There’s no better way to spend four minutes than gazing happily at this footage of a bemused Samuel Beckett acting the flâneur around late-sixties Berlin. (Especially love the footage of Beckett walking-and-talking with a friend around the three-minute mark — oh, for a time machine and a parabolic mic!)
Beckett and failure: “Always writing his own dispossession”
In January 2020, scholar Eva Kenny published a wonderful rumination Samuel Beckett, failure, and much more. In more recent weeks, the academic and activist Cornel West has deployed Beckett’s famous dictum, from 1983’s Worstward Ho, to “Try again. Fail again. Fail better.” as an inspiration to the global movement for Black lives, calling it “the blues line of our Irish brother.” Kenny explores the phrase in a more porous way, finding in Beckett’s later work “a set of ideas around the failure and endurance of language that had been sanded down to a state of prehistoric refinement over thirty years” — and applying a Beckettian logic of failure to an analysis of the likes of Donald Trump and Boris Johnson. Extremely worth a read.
“In midsummer 2016, as I drew ever closer to finishing a long doctoral dissertation on Samuel Beckett, I described to a friend’s boyfriend my alarm at the trend towards portraying a popular, uplifting Beckett that I kept reading about in the New York Times weekend supplement. I was worried I would have to change my topic. The lines that appeared again and again, everywhere, as if in a nightmare, are: ‘Ever tried. Ever failed. No matter. Try again. Fail again. Fail better.’ Taken from the first page of Beckett’s late prose work Worstward Ho, the phrase was, for a while, Silicon Valley’s mantra, along with ‘Move fast and break things.’” Continue reading…
Not for nothing, Samuel Beckett is relevant during the pandemic
Beckett is certainly a writer whose work and thinking seems increasingly relevant as many of us gaze in bewilderment at the lockdown’s one-year mark in the rear-view. Theater critic Laura Collins-Hughes wrote earlier this year in the New York Times about two particular films worth mentioning as part of 2021’s socially-distanced Exponential Festival, dedicated to New York City-based emerging artists working in experimental performance. Called “The Puzzlers” and “The Puzzlers 2: Black Box,” they were credited jointly to Beckett and Jess Barbagallo, and riffed on Beckett’s early-fifties “Texts for Nothing” in what Collins-Hughes called “a heightened, deadpan loopiness that elicits belly laughs.”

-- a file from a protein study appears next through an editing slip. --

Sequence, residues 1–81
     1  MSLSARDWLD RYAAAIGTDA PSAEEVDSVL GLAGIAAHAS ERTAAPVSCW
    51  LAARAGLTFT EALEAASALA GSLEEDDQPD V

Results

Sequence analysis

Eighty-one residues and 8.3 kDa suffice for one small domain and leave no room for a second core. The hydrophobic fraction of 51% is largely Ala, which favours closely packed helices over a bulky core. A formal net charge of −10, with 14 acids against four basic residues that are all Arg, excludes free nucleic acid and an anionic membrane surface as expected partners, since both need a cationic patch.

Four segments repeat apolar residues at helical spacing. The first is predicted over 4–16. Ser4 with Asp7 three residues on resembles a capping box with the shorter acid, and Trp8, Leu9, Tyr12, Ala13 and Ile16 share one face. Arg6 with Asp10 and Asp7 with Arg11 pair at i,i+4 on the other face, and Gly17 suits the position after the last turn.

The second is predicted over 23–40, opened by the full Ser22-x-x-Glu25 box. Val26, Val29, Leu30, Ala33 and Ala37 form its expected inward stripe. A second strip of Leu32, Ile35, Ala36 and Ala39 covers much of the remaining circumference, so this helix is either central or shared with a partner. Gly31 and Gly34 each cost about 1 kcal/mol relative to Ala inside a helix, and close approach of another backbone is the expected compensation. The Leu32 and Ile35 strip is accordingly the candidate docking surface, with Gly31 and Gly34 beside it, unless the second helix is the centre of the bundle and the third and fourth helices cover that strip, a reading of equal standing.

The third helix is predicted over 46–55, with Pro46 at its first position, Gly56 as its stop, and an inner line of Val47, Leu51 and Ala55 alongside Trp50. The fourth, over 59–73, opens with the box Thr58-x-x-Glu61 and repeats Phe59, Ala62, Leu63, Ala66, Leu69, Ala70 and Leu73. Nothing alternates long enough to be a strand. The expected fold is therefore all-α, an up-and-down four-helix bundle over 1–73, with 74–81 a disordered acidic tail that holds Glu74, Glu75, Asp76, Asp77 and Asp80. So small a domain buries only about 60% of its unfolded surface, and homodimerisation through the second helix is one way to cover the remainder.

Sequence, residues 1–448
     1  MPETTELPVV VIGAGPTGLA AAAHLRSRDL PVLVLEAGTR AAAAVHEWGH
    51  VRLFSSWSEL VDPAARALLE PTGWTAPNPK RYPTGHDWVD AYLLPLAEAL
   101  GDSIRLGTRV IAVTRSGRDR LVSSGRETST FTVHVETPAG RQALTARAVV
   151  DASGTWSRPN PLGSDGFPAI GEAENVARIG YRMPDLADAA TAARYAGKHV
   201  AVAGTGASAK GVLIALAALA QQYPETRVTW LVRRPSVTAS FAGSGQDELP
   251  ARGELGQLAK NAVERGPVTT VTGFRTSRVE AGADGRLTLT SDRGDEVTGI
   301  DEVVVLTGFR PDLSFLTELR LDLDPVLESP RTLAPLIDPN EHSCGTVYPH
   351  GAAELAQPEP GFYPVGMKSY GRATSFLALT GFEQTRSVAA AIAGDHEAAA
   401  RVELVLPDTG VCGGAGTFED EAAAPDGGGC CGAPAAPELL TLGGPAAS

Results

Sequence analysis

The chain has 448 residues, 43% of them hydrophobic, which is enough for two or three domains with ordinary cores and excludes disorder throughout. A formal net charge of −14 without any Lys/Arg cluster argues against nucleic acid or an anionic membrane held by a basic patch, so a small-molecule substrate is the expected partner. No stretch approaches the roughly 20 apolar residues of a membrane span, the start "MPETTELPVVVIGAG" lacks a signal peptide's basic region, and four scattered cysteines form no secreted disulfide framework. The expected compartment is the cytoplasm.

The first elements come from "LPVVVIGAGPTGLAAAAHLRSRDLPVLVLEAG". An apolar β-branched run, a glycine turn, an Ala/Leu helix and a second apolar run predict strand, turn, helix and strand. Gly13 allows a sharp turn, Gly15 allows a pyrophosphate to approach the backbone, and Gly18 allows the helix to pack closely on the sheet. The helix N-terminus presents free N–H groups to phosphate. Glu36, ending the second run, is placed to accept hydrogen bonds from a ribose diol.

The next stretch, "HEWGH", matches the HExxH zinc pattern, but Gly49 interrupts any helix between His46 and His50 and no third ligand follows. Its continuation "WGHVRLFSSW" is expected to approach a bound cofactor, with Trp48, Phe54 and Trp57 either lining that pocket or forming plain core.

“In ‘The Puzzlers,’ an actor named Jay (Barbagallo, who shares the writing credit for both scripts with Beckett) is at home in Brooklyn with his acting coach (Lucy Kaminsky) and his dog (Bluet), struggling to memorize a section of ‘Texts for Nothing.’ His grown daughter (Davis) interrupts, scandalized that he spent $7.49 on a little tub of almond pesto.” Continue reading…
Oh, Nothing, Just Camcorder Footage of Samuel Beckett Watching a TV Production of His Own Play
Samuel Beckett! Watching his work! On VHS! This utterly marvelous clip also features some commentary by Professor Stanley Gontarski, co-author of The Grove Companion to Samuel Beckett, as well as editor of and consultant on a great many of our Beckett books. This clip cannot be watched enough times. Try it, you’ll see.